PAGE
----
Day Total (mostly solo): 12.25 miles, 8 locks (52 ft 9 in uphill), 5 hrs 53 mins
Overall Total: 247.25 miles, 174 locks
So leaving Bull’s Bridge this morning in the glorious sunshine was a lovely way to start the journey north. Back past the Slough Arm and memories of our day in Windsor and then to the first (and last) lock on the Grand Union Canal. Heading north through the outskirts of London, though we are still inside the M25 (just).
We’ve moored in Rickmansworth – a nice little town on the western fringes of London – have a look on the map – lots of low lying land and lakes and ponds.
The locks here are fairly spread out – a bit of cruising and then a single lock – all the way from the mighty Denham Deep lock (you will remember it is the deepest lock on the Grand Union at 11′ 1″), to the rather titchy Black Jack’s Lock at 3′ 8″.
We also saw some beautiful birds – Red Kites and Buzzards soaring overhead, a kingfisher (my favourite bird – the photo below isn’t one of mine – I didn’t have the camera with me at the back of the boat!!!)…
… and this heron – the photo is mine this time.
All of the birds were watching – but they weren’t gongoozlers, as the heron proved by catching a fish.
Oh – gongoozlers – I forgot. They normally look like this!
The term is defined on that oracle of the modern age – Wikipedia – as follows:
A gongoozler is a person who enjoys watching activity on the canals of the United Kingdom. The term is also used more generally to describe those who harbour an interest in canals and canal life, but do not actively participate.
“Gongoozler” may have been canal workers’ slang for an observer standing apparently idle on the towpath. Though it was used derisively in the past, today the term is regularly used, perhaps with a little irony, by gongoozlers to describe themselves and their hobby.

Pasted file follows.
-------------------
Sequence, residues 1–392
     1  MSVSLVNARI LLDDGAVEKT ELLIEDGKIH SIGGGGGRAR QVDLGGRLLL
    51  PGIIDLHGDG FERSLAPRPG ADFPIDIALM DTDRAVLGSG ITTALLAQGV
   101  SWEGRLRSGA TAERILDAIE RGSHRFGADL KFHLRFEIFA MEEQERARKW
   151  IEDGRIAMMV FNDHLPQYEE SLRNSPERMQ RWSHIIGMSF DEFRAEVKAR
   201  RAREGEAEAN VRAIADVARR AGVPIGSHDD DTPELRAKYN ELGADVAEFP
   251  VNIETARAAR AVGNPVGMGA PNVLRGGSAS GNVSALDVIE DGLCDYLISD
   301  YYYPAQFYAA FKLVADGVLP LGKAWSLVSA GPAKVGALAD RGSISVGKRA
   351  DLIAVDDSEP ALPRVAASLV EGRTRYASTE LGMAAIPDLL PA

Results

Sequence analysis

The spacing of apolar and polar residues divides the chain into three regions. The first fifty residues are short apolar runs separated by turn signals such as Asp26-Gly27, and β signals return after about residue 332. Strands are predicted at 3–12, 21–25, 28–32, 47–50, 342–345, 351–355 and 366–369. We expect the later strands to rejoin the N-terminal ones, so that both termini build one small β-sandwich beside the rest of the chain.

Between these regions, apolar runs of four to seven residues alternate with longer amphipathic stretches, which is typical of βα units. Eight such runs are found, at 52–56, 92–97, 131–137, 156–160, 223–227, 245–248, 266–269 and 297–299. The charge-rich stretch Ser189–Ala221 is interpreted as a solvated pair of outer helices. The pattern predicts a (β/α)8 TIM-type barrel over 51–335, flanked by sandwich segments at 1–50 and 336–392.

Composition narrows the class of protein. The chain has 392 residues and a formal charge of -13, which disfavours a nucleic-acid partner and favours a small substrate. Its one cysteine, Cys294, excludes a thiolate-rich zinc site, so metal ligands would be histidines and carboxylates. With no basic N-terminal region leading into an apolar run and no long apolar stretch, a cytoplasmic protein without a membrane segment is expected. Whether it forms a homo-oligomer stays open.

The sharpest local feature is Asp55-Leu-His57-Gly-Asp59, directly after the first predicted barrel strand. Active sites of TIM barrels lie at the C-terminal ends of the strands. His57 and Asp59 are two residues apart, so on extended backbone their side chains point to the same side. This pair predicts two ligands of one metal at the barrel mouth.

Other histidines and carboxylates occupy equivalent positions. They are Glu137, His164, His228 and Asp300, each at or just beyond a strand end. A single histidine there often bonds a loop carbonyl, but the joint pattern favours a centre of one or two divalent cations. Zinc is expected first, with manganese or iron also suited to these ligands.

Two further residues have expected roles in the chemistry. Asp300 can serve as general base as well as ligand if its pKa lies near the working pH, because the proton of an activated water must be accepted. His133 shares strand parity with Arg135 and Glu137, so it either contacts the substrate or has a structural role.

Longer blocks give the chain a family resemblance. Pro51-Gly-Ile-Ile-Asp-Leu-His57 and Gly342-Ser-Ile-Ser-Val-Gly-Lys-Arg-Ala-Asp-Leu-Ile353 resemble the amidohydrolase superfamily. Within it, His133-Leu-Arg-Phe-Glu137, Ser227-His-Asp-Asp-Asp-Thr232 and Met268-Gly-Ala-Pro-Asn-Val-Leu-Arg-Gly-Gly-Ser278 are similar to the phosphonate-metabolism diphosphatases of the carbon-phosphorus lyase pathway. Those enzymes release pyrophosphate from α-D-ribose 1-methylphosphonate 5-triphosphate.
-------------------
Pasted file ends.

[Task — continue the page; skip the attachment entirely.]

The word may have arisen from words in Lincolnshire dialect: gawn and gooze, both meaning to stare or gape. It might be presumed that such an expression would date from the nineteenth century, when canals were at their peak, but the word is only recorded from the end of that century or the early twentieth. It was given wider use by the late L. T. C. Rolt, who used it in his book about canal life, Narrow Boat, in 1944.
We had a large crowd of them at Camden Lock in London, and we had lots of them out today as we pottered our way up the locks. Most of the time they are very friendly folk, and it’s lovely to be able to explain a bit of how locks work to adults and children alike. I even had some “help” opening the gates at one lock. It does rather put the pressure on, especially when at the most populated lock some lads kicked their football into the cut just at the lower edge of the lock. Thankfully there was a bridge just before the lock so I was able to sit the boat diagonally across the lock tail (the end of the lock) and retrieve the football. Sadly, as we were going uphill the Gongoozlers up at the top of the lock didn’t see my amazing manoeuvring skills and just thought I’d got the lock approach wrong. Ho Hum!
But it was the last bit of the definition on Wikipedia that got me thinking…
The term, “gongoozler” may also be used in any circumstance in which people are spectating without contributing to either the content or interest of an event.
Are you a disciple or a gongoozler? Are you happily living the life of a spectator, or are you contributing to the life and growth of the Kingdom of God? The problem is that sometimes we have to stop and look and wait – just look at the birdswe saw. The Red Kite, the Heron and the Kingfisher were actively looking, not just spectating. The danger is that at times we might persuade ourselves that we are active and involved, when actually we are much more of a gongoozler.
Are you “contributing” to the work of the Kingdom, or are you a Gongoozler – watching with interest whilst others do all the work?
What is God calling you to do?